It is thought that prior to 1897, the property known as Hopelands Gardens was a farm or part of one. Aiken County Courthouse records show a deed recorded March 10, 1897 that conveyed approximately 15 acres to C. Oliver Iselin. The grantors were Frank L. Burckhalter and Elizabeth B. Bates. The purchase price was given as $ 1,650.
Mrs. Iselin's father, Colonel William Goddard, was a Chancellor of Brown University in Providence, Rhode Island. The family spent winters in Aiken during the late 1800's bringing their daughter, Hope, with them. In fact, the Goodards rented "Rye Patch" which is the estate adjacent to Hopelands Gardens on Whiskey Road.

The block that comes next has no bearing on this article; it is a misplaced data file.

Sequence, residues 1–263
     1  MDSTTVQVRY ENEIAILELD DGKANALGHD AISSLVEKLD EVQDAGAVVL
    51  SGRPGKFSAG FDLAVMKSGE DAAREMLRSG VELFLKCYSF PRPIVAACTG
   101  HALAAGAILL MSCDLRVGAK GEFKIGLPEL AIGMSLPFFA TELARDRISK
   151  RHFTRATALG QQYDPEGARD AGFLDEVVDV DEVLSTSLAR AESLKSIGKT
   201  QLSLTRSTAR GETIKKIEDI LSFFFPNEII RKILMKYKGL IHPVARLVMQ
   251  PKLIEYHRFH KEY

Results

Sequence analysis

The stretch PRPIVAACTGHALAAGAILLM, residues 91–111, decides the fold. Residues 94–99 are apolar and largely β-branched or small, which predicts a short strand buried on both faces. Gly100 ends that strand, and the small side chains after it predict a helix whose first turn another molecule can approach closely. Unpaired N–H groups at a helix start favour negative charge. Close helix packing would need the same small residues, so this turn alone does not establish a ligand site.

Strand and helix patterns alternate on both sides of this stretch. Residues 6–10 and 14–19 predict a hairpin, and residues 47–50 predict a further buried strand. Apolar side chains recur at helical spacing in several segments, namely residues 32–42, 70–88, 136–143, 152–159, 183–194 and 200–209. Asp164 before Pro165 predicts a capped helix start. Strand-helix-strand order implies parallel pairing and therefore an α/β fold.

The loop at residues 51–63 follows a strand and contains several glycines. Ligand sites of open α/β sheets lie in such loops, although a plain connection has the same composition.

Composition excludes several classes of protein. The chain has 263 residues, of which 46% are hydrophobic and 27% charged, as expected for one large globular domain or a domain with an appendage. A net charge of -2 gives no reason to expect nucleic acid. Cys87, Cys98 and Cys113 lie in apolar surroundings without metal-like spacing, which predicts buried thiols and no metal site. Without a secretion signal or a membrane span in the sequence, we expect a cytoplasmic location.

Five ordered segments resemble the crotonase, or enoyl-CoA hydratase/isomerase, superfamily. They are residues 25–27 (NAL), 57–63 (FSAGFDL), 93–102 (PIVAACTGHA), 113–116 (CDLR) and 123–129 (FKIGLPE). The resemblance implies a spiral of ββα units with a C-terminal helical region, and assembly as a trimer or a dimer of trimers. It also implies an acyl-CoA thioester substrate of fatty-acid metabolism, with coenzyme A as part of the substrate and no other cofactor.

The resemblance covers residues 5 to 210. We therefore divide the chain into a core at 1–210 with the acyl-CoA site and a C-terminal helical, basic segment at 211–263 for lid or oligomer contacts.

Mr. Iselin's parents were from New Rochelle, New York. Charles Oliver Islein was the sportsman son of the family. From the late 1800's through the turn of the century, he, with financial support from other members of his family, was closely involved in the design, building, equipping, and sailing of American entries in no less that six of the internationally known "America's Cup" yacht races.
Oliver and Hope Iselin built their winter home in Aiken around the turn of the 20th century. Mrs. Iselin began developing the gardens shortly thereafter. It is believed that Mrs. Iselin planted
many of the deodar cedars and live oaks that still grace Hopelands Gardens today.
Hopelands Gardens History
Aiken Thoroughbred Racing Hall of Fame and Museum
"Home of Aiken's Racing Champions"
Located in Hopelands Gardens at 135 Dupree Place (off Whiskey Road) Aiken, SC 29801